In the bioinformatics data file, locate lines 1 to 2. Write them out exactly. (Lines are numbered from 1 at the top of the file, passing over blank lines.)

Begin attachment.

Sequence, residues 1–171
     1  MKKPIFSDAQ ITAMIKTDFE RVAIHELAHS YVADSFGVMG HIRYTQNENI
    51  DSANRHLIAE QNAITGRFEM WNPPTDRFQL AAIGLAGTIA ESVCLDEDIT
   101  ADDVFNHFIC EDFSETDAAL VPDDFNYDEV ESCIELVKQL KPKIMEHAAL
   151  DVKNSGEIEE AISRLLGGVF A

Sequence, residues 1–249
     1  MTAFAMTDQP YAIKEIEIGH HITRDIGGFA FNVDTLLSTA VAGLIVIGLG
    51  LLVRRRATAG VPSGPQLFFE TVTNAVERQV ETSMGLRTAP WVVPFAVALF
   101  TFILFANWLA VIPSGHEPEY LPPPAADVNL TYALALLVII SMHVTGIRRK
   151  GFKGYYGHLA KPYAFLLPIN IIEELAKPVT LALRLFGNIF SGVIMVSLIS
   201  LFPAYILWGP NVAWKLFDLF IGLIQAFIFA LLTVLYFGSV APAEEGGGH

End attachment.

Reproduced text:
Sequence, residues 1–171
     1  MKKPIFSDAQ ITAMIKTDFE RVAIHELAHS YVADSFGVMG HIRYTQNENI